‘Voldemort’ and health professional knowledge of breastfeeding – do journal titles and abstracts accurately convey findings on differential health outcomes for formula fed infants?

Julie P Smith, Mark D Dunstone and Megan E Elliott-Rudder

Australian Centre for Economic Research on Health Working Paper Number 4, December 2008


Effective promotion of breastfeeding is constrained if health professionals’ knowledge on its importance is deficient. This study asks if findings are easily accessed by health professionals; that is, whether formula feeding is ‘named’ as the risk factor in published research, or whether — like ‘Voldemort’ in Harry Potter —it is ‘He Who Shall Not Be Named’.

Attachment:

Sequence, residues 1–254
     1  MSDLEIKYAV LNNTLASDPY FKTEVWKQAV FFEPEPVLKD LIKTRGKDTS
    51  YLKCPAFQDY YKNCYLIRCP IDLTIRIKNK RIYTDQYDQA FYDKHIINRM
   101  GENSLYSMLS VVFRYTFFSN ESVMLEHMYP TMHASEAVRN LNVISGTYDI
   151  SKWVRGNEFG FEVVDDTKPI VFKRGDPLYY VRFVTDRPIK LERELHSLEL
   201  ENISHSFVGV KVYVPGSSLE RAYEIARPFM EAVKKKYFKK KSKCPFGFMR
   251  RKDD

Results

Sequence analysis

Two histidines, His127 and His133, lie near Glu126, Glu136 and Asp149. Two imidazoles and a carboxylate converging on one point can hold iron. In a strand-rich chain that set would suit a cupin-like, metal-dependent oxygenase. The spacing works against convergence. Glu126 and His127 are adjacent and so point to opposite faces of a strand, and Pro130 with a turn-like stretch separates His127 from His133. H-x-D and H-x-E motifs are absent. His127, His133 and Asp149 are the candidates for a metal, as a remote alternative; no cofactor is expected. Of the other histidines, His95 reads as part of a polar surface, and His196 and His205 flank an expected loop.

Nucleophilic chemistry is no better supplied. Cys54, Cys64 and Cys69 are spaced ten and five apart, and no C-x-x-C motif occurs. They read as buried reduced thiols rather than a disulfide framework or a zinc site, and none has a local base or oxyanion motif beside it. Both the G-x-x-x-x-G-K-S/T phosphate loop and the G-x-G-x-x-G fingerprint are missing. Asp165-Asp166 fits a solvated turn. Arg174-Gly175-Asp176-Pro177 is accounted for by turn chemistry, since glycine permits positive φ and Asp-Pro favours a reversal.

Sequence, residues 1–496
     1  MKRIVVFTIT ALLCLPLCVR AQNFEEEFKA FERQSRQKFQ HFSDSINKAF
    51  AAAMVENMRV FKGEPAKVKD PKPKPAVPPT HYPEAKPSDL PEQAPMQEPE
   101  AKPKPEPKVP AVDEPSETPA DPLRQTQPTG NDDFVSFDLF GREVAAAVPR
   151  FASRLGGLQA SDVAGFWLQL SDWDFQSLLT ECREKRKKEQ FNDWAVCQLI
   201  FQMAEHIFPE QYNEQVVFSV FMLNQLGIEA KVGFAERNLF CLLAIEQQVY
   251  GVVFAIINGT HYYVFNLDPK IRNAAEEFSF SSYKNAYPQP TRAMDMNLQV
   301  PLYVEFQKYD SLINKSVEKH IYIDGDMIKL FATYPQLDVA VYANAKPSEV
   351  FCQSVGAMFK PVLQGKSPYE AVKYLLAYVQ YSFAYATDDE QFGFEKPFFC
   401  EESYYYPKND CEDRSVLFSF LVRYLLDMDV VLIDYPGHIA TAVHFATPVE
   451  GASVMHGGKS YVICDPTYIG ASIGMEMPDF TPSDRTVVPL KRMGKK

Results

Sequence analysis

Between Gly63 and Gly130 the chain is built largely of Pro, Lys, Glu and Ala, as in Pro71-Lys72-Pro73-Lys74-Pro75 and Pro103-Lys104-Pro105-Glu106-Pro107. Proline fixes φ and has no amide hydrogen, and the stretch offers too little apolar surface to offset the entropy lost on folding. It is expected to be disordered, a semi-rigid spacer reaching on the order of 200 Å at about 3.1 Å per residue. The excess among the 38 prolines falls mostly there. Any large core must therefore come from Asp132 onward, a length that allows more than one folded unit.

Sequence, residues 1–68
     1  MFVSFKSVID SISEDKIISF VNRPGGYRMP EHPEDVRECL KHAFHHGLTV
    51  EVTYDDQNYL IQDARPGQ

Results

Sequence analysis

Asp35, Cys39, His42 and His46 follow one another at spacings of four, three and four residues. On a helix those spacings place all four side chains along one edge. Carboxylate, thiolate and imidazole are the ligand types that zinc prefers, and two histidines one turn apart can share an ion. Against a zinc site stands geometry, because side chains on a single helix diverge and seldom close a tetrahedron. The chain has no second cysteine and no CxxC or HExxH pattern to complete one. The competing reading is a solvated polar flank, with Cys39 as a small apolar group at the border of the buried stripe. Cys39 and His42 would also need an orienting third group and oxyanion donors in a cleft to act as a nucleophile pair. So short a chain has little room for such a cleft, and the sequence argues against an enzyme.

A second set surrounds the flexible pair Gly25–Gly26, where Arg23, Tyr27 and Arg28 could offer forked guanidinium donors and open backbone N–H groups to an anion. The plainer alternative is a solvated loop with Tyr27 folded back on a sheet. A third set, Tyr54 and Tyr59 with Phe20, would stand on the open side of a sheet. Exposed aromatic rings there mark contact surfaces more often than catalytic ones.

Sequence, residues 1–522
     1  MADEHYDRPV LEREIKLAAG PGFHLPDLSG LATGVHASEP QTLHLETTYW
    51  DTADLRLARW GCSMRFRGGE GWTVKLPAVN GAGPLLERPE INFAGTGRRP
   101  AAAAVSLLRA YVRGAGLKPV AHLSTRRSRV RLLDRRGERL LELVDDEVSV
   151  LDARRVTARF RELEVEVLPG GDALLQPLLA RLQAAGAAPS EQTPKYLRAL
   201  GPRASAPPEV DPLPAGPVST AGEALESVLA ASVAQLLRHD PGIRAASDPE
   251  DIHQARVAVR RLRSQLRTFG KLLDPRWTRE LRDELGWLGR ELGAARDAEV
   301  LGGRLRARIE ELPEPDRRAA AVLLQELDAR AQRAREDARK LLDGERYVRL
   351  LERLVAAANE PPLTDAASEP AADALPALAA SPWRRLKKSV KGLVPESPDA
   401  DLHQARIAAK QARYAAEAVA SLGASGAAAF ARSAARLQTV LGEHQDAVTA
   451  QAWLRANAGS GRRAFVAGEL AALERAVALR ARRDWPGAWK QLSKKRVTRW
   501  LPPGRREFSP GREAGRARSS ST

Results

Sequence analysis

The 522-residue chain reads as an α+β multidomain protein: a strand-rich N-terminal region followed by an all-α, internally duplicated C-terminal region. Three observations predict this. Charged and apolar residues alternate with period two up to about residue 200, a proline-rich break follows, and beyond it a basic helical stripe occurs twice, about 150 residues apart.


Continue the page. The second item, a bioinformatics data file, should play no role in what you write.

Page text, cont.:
Our systematic analysis of information content of titles and abstracts of 78 studies which had reported poorer health among formula infants showed that their titles and abstracts avoid mentioning formula. Initiatives to increase breastfeeding have described the importance of accurate language, and well informed health professional support. This study showed a surprising “Voldemort effect” in the studies examined; formula feeding was rarely named as an exposure increasing health risk in publication titles or abstracts. If widespread, this skew in communication of research findings may reduce health professionals’ knowledge and support for breastfeeding.

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